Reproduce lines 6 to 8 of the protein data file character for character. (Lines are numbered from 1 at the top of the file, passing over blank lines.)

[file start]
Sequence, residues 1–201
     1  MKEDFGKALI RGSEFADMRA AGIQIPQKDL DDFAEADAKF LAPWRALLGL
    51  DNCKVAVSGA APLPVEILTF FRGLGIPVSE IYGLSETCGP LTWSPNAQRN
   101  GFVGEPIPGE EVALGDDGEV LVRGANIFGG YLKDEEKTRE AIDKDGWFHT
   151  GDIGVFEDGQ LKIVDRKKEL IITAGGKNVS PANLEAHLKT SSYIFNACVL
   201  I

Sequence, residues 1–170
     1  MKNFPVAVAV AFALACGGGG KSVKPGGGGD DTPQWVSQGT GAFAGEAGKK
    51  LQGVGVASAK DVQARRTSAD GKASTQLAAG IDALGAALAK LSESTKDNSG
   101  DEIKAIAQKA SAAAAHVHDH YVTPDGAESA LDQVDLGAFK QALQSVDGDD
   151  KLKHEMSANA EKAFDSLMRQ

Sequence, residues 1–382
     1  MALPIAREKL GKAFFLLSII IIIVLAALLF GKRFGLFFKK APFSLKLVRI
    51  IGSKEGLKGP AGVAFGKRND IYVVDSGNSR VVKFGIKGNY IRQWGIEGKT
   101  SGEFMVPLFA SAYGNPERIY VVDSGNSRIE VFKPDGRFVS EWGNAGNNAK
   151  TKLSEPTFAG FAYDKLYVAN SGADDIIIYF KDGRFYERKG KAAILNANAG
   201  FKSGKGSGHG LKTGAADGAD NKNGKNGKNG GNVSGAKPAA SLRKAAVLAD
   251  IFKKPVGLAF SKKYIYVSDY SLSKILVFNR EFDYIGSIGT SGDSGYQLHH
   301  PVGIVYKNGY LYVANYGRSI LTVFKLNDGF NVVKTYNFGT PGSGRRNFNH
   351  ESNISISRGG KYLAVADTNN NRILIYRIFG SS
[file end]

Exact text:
   201  I

Sequence, residues 1–170
     1  MKNFPVAVAV AFALACGGGG KSVKPGGGGD DTPQWVSQGT GAFAGEAGKK